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Everything you need to know about the NFL CBA vote.

What do the players think about the new Collective Bargaining Agreement proposal?

The ongoing negotiation process of a new National Football League’s collective bargaining agreement that was set in motion about ten months ago might be coming to an end– Or maybe not. That is the best we can say on the matter right now, unfortunately. Most of the negotiation action mainly took place on Thursday and Friday between the league’s players and the owners, and the owners voted towards the approval of the collective bargaining agreement (CBA) proposal on the table.

Negotiations between the two sides have been going on since April, and the current CBA proposal on the table has its expiry date to be after the 2020 season. This proposal made it look like both sides might have a happy end. However, there was a chaotic turn of events for the players, which made it impossible to predict whether the two sides would agree before the 2020 league year starts next month. So here’s what happened this week.

On Thursday afternoon, all 32 individuals that make up the NFL’S team owners came together for a meeting that lasted two hours in a hotel in New York City to vote on the terms of the new CBA proposal. They needed at least 24 of the league owners to vote “yes” to push approval of the new CBA proposal, which they got, even though the vote was not unanimous. At the end of it all, the league owners walked out and through the media present at the hotel where the meeting was held without leaving a comment. Additionally, they issued a printed statement that said that if the league players would not vote towards the approval of the new deal, then they had also voted to have the 2020 season played under the terms of the current CBA. Also, in the statement, they said that by next week they would need to know the rules with which they would be operating when the new NFL year begins on March 18.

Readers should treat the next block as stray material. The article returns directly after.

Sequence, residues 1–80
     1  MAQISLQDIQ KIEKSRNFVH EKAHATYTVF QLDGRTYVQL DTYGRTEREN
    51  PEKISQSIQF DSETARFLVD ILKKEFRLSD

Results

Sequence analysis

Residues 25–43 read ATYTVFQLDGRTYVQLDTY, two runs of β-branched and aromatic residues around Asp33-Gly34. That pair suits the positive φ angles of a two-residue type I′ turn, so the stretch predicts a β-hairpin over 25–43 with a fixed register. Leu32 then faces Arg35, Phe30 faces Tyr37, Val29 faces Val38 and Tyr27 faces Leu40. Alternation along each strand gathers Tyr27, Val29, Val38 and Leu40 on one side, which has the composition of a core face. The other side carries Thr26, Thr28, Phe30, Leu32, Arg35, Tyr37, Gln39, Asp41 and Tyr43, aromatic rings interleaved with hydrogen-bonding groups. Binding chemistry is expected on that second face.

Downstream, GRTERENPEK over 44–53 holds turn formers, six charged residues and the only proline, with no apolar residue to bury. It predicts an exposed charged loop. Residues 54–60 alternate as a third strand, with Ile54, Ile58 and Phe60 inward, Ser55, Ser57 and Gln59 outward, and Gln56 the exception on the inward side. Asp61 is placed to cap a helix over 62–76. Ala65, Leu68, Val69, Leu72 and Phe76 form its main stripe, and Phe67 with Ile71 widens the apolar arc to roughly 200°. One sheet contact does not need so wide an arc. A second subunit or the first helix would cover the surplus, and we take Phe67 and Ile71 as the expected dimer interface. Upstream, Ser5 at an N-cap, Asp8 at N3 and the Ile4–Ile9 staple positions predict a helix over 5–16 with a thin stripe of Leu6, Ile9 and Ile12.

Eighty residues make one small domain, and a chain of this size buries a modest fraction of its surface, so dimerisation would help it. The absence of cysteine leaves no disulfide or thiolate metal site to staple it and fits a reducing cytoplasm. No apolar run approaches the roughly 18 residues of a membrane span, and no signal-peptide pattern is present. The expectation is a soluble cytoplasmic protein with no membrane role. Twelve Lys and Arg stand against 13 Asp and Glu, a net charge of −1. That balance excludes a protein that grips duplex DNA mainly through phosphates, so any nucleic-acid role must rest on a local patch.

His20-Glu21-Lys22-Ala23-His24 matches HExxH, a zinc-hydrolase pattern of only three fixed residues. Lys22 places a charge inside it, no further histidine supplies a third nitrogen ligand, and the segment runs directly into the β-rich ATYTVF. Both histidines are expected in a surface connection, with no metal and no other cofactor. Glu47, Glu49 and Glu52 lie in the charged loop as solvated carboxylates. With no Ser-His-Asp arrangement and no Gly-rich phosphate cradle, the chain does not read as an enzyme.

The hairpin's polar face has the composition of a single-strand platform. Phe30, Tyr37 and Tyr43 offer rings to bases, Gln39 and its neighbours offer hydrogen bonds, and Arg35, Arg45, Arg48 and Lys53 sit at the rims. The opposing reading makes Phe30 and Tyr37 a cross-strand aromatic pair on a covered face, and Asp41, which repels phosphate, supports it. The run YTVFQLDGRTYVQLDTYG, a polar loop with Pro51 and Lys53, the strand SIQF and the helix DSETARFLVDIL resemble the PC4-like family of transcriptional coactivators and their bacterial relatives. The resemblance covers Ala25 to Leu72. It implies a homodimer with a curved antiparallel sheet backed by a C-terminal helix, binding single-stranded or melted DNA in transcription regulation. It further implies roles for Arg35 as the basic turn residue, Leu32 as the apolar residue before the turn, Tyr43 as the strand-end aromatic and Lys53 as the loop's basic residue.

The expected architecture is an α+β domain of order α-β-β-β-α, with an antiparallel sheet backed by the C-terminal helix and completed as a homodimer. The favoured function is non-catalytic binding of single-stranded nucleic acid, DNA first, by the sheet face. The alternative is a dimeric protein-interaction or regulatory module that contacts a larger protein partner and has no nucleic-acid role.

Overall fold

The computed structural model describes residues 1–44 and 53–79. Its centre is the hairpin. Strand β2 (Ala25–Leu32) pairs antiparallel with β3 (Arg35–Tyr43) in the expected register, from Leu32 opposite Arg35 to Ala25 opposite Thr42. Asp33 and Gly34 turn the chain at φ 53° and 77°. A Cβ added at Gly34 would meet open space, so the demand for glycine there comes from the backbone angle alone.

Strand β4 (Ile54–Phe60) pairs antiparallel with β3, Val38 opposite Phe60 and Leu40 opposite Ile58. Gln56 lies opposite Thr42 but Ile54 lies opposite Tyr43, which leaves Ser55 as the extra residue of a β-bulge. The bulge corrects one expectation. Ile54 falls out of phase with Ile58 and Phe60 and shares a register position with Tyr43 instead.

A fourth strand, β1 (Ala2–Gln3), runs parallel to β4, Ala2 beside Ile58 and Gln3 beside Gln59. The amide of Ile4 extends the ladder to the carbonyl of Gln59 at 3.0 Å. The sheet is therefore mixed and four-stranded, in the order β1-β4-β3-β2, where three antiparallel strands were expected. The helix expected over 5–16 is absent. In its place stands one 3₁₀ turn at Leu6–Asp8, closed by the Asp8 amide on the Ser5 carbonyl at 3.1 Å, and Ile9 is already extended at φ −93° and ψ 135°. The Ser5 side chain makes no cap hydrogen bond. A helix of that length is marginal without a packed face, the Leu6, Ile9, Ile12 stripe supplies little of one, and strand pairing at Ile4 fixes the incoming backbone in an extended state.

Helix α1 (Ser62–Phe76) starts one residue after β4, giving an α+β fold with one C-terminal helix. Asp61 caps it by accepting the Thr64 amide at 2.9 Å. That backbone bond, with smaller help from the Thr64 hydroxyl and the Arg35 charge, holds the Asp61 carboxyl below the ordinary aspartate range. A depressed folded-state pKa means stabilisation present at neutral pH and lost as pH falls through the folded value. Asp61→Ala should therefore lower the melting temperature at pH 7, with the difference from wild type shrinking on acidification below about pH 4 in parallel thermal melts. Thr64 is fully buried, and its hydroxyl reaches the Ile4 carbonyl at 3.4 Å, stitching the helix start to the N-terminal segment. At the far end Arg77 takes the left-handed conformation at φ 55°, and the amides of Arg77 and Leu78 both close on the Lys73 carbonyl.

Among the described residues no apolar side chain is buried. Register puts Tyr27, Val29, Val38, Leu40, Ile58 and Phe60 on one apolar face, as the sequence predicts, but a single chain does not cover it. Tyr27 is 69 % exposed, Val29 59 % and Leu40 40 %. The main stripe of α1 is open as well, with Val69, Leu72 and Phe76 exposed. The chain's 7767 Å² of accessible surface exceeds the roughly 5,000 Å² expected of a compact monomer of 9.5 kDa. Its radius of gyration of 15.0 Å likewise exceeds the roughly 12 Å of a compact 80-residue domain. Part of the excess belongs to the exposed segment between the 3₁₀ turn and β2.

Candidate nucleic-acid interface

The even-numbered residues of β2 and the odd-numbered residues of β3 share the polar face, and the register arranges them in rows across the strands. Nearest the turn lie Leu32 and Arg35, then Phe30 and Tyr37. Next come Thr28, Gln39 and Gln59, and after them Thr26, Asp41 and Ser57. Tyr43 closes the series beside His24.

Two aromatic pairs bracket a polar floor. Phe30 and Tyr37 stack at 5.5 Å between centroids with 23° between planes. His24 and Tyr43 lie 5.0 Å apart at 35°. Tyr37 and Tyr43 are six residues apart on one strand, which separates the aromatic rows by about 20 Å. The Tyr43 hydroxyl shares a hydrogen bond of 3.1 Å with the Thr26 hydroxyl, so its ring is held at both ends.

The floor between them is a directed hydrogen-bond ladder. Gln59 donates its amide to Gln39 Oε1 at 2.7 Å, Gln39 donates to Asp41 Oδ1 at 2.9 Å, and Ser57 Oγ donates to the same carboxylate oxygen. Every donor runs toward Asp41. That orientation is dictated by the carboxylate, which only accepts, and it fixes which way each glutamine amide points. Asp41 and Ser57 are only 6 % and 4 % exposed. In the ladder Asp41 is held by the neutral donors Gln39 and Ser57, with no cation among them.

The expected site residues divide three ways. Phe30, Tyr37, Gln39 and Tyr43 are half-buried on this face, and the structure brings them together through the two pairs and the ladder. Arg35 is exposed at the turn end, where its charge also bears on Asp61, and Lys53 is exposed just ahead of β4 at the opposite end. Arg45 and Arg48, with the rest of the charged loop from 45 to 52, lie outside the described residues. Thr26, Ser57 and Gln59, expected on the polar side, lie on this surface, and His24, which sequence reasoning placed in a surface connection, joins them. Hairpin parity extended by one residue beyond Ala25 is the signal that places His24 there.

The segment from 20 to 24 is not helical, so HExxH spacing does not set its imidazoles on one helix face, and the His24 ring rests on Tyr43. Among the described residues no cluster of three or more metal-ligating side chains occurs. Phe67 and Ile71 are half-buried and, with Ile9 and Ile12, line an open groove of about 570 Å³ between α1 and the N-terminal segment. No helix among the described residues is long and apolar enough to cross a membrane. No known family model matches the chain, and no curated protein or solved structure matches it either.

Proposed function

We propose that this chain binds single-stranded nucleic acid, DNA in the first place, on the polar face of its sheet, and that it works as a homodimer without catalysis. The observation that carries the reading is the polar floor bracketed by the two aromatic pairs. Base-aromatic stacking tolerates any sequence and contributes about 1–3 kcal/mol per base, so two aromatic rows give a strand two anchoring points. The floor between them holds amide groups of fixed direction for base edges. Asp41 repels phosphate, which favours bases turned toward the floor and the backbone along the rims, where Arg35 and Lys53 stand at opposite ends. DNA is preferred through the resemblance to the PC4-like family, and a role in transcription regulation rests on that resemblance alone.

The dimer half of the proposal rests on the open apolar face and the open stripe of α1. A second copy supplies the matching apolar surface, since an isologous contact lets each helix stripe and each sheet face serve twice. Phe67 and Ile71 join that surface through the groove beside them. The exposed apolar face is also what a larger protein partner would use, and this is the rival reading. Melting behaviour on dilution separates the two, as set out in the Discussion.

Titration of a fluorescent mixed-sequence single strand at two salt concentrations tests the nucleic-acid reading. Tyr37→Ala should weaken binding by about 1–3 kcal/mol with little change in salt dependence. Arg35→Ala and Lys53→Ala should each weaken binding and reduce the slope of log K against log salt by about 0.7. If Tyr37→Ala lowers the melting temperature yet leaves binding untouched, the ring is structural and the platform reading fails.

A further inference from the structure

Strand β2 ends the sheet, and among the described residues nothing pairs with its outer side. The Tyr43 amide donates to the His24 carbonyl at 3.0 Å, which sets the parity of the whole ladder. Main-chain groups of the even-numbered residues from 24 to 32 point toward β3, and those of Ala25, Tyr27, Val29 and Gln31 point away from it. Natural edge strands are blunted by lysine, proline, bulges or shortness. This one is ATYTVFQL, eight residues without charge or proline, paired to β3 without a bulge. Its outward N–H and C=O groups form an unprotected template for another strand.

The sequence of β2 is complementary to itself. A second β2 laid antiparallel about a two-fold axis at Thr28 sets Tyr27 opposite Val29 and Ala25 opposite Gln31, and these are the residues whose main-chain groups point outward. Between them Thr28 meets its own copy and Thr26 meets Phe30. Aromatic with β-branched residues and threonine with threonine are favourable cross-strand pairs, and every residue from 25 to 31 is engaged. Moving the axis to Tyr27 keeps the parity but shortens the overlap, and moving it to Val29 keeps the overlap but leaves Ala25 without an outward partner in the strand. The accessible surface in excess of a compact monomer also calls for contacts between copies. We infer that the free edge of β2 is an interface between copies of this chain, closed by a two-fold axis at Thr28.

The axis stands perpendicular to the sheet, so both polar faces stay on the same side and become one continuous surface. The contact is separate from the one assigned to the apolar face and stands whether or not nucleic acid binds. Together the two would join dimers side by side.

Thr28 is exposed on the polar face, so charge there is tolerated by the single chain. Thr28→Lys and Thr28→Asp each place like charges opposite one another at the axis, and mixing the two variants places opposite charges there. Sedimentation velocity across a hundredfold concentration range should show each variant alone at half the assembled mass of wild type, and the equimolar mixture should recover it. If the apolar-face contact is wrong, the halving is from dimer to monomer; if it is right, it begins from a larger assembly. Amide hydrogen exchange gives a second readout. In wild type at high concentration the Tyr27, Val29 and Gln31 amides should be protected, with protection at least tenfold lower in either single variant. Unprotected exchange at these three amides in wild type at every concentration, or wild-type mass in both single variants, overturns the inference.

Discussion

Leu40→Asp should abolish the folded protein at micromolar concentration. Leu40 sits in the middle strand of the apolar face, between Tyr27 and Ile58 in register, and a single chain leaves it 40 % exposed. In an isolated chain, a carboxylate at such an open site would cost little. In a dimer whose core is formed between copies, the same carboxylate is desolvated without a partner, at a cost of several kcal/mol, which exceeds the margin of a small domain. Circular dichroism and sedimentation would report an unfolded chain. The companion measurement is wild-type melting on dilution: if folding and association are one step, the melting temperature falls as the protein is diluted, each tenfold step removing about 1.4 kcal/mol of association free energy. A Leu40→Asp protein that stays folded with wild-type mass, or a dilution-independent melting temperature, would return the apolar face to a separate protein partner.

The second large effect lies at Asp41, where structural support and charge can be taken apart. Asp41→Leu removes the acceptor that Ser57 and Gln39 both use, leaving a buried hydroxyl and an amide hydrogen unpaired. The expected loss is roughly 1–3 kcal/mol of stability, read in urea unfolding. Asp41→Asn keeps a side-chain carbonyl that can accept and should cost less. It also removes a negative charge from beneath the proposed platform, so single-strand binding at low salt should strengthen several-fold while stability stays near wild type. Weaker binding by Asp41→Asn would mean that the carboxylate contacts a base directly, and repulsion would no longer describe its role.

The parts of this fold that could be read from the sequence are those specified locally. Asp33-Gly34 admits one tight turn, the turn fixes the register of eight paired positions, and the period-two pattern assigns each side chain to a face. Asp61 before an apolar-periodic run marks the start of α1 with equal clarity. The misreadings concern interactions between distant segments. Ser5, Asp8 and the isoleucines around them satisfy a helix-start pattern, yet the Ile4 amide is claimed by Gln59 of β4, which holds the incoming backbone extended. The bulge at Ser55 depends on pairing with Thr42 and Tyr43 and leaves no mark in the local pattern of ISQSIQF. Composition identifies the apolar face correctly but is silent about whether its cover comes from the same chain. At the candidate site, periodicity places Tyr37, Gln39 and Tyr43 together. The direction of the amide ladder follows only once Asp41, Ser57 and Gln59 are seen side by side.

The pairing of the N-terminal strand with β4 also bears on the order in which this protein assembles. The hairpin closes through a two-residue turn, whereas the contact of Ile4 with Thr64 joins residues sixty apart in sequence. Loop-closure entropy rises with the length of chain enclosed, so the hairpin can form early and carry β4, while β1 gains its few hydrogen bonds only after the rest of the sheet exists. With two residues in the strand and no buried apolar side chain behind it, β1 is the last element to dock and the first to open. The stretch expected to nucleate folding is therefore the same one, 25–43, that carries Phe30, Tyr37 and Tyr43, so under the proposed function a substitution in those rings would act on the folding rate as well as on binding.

And about the owners’ vote that was not unanimous, you should know that it does not affect the process, but it rather highlights the fact that some of the league team owners are not excited with what they would be forfeiting for the new deal to be operational. A credible source close to Thursday’s meeting told ESPN that there were owners who still expressed doubts about the proposal during the meeting even after they had voted. But it was still passed regardless.

The NFLPA Conference Call

The following day, Friday, the league players association (NFLPA) held a conference call that lasted nearly three hours, where they delivered on the proposal with its 32 team player representatives. But the union executive council had voted 6-5 against the proposal being recommended to the rest of the union, hinting mainly on the league’s desire to expand the normal season from 16 to 17 games. The NFLPA had high hopes that after the conference call, they would get votes from the player reps, but they did not. According to a source, the board of player reps was placed in a state of confusion because of the executive council’s vote, and most of the time on the conference call was spent trying to understand why voting went on like that instead of discussing their vote.

This lead to the player reps deciding to table the discussions and push through with the negotiations with the league owners. According to another source, although the union would have preferred that the player representatives voted to recommend the deal, they still have plans to have its full membership vote held next week. On the record, out of the 32 player reps, 21 would have to vote “yes” so it qualifies as a recommendation, the NFL Players Association had said in a statement that, “Our player leadership looks forward to meeting with NFL management again next week before the Board takes a vote shortly after that.” The players feel that playing 17 games in the season does not sit well with them as well as their health and safety in general. But the chances of convincing executive council members like Russel Okung and Richard Sherman to reconsider the 17-game plan are slim. However, it might bring clarity to both sides and encourage the player reps to vote for the proposal.






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